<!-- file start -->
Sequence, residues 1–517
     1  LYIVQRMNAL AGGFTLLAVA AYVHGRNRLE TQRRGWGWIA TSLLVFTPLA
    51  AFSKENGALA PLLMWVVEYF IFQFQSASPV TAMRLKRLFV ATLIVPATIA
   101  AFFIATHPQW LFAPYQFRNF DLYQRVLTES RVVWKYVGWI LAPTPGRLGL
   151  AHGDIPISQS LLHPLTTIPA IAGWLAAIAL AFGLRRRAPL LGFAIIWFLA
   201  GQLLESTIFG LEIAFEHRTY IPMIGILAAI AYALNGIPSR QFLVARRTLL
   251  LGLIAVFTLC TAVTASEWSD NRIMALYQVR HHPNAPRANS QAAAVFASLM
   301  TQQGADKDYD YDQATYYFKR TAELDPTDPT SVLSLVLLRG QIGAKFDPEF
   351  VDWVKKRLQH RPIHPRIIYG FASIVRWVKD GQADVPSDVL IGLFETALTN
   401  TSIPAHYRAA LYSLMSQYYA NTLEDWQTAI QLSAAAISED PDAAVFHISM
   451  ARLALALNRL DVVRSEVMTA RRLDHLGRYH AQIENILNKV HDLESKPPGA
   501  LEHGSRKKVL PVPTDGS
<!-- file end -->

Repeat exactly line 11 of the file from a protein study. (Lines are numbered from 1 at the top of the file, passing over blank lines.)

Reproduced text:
   451  ARLALALNRL DVVRSEVMTA RRLDHLGRYH AQIENILNKV HDLESKPPGA